July 11, 2012
During the past two centuries, paleontologists have discovered and named over 600 different non-avian dinosaur genera. At first glance, that might seem like a lot of dinosaur diversity (especially since only a handful of dinosaurs are well-known to the public). But it’s really just the tip of the Mesozoic iceberg. New dinosaurs are being described on a near-weekly basis, and, as estimated by paleontologists Steve Wang and Peter Dodson in 2006, there may have been over 1,800 different genera of dinosaur present on earth during their 160 million year reign between the Triassic and the end of the Cretaceous. Most dinosaurs remain undiscovered.
But will we ever find all the dinosaurs? I don’t think so.
The fossil record is a history biased by the circumstances required for preservation and discovery. Paleontologists and geologists have recognized this for over a century and a half. As Charles Darwin, following the argument of his geologist friend and colleague Charles Lyell, pointed out in On the Origin of Species, the geological record is “a history of the world imperfectly kept and written in a changing dialect.” Consider the world’s strata to be like pages of a book that record the comings and goings of species over time, Darwin wrote. “Of this history we possess the last volume alone, relating only to two or three countries,” Darwin lamented, and “Of this volume, only here and there a short chapter has been preserved, and of each page, only here and there a few lines.”
Let’s apply this to dinosaurs. Of all the non-avian dinosaurs that ever existed, only a few died in circumstances amenable to fossil preservation. Dinosaurs bodies had to settle in a place where sediment was being laid down – a river, lake, dune-covered desert, floodplain, lagoon, or similar environment – to be preserved for the rock record. This means that we know a lot about lowland dinosaurs who lived near bodies of water, but dinosaurs that lived in upland habitats are not so well represented. These dinosaurs, who inhabited ancient mountains and similar habitats, were living in places where rock was being stripped away rather than new sediment laid down. In other words, upland dinosaurs didn’t live in the kind of habitats where they were likely to become preserved. There were undoubtedly entire populations, species, and even genera of dinosaurs that may have never entered the fossil record.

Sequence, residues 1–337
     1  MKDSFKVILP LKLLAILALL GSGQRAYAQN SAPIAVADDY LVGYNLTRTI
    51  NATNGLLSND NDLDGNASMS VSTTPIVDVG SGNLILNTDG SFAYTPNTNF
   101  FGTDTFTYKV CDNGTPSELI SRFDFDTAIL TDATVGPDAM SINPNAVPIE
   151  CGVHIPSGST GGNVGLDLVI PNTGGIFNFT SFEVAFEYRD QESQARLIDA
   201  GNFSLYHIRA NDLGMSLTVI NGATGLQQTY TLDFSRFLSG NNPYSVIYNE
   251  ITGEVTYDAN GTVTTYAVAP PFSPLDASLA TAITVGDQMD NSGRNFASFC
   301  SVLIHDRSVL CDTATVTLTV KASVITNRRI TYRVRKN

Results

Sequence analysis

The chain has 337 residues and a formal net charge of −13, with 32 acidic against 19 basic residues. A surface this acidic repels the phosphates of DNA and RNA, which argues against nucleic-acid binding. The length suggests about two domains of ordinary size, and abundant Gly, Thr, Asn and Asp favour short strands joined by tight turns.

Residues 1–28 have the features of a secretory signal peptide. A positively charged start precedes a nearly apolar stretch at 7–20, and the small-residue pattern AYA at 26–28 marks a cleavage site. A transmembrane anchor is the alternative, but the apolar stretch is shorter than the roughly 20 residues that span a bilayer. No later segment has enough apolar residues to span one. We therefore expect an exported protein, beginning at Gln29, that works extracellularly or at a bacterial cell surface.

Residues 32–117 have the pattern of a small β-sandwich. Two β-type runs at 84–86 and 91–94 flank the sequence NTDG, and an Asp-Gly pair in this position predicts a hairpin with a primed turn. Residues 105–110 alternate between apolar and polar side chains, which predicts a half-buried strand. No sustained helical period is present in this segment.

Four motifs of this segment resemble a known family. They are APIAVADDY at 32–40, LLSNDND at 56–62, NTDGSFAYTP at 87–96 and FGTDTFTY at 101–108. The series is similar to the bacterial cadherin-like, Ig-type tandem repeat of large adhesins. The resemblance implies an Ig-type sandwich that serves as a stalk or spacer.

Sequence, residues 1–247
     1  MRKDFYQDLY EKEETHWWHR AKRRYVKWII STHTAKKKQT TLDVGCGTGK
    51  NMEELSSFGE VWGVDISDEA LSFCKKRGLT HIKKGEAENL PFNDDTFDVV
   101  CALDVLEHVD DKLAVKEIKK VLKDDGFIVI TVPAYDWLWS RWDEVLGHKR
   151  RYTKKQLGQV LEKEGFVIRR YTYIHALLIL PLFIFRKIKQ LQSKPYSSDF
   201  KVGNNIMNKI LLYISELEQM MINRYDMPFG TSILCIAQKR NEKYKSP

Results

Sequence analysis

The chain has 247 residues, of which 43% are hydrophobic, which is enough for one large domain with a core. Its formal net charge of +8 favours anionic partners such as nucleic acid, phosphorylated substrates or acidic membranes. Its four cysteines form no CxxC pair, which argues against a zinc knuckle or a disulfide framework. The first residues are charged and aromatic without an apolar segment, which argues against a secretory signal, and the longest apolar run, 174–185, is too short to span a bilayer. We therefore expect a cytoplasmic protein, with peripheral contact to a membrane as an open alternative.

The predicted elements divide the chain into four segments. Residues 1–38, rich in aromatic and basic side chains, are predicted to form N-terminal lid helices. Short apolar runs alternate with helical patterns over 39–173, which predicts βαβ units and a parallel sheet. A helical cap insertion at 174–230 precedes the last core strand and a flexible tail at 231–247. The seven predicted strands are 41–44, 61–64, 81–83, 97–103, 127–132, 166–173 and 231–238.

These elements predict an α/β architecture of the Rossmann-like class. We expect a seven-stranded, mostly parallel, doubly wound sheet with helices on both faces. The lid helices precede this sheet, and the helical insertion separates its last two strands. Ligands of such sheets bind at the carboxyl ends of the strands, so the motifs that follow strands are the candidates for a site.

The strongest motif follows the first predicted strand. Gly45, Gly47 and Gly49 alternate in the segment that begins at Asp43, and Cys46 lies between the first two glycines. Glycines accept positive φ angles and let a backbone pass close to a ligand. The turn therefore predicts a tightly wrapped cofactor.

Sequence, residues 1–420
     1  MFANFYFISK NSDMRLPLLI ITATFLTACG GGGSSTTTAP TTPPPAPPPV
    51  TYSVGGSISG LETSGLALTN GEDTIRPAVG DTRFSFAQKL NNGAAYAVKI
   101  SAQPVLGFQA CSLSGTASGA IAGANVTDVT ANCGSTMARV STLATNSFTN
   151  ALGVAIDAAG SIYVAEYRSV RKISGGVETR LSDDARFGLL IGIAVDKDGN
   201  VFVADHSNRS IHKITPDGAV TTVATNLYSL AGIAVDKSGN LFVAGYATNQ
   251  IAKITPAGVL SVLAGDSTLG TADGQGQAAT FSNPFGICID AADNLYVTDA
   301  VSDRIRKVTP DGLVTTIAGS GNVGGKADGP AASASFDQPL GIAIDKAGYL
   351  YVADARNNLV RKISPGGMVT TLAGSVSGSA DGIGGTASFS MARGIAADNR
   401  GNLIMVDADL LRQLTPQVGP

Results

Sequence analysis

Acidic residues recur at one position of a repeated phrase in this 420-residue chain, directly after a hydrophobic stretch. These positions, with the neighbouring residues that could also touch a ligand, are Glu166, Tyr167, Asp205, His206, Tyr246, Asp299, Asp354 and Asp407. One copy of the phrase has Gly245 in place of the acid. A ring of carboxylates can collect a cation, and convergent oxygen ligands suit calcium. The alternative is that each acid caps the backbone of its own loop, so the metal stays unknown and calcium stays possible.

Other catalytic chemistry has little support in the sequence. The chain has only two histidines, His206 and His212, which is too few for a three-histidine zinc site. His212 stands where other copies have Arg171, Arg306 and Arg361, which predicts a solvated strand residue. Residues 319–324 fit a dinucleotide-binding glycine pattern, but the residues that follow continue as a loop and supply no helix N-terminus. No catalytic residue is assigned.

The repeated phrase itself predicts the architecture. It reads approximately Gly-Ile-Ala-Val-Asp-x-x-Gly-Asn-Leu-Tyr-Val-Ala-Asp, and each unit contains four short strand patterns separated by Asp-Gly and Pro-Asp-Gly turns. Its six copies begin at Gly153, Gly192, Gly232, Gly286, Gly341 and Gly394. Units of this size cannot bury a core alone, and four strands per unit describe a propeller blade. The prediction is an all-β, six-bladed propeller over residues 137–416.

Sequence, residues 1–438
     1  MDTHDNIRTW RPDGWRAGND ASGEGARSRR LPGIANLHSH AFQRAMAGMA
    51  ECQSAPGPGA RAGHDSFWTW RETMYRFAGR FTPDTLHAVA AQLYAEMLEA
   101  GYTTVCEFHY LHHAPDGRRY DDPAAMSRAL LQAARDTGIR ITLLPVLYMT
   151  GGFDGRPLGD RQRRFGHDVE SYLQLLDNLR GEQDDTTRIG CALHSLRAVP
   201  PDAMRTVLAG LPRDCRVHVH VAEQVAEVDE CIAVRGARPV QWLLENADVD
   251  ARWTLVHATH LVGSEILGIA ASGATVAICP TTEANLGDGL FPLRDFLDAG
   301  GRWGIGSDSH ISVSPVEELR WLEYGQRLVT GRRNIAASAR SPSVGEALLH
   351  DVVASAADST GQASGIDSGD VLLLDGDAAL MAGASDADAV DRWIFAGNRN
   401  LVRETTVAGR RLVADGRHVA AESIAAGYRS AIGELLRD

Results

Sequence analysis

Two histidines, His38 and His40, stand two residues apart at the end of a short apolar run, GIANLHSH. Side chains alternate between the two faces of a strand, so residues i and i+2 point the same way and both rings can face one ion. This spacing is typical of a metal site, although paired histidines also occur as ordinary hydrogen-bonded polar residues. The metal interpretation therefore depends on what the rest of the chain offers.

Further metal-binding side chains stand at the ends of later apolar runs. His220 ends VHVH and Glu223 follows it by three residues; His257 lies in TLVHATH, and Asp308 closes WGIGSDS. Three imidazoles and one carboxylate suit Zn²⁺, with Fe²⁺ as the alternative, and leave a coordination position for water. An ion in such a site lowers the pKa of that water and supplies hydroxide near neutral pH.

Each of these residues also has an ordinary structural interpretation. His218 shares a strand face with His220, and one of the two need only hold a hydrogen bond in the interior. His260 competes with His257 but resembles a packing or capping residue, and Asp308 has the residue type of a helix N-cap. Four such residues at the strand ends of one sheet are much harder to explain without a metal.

And preservation in the fossil record alone isn’t a guarantee that a particular dinosaur genus will be discovered. Of all the dinosaurs preserved in the rock, only a few are accessible in exposed portions of rock around the world. Fewer still are intact enough to identify and collect. The contingencies of fossilization, history, and our ability to search for fossils conspire to blur our picture of dinosaur diversity.
The picture isn’t entirely negative, though. There are swaths of dinosaur-bearing rock that are, as yet, little explored, and even extensively-searched areas can still yield surprises. I have no doubt whatsoever that paleontologists will continue to discover and describe previously-unknown dinosaurs for many decades to come. And, more than that, each new dinosaur tweaks our picture of dinosaur relationships and the details of when and where particular groups evolved. Using this knowledge, paleontologists can go back to the rock and target specific areas where new dinosaurs might be found. We probably won’t find every single dinosaur genus that ever existed, and we may not have an intricately-detailed record of every genus that we’re lucky enough to discover, but there is still an overwhelming array of dinosaurs out there waiting to be found.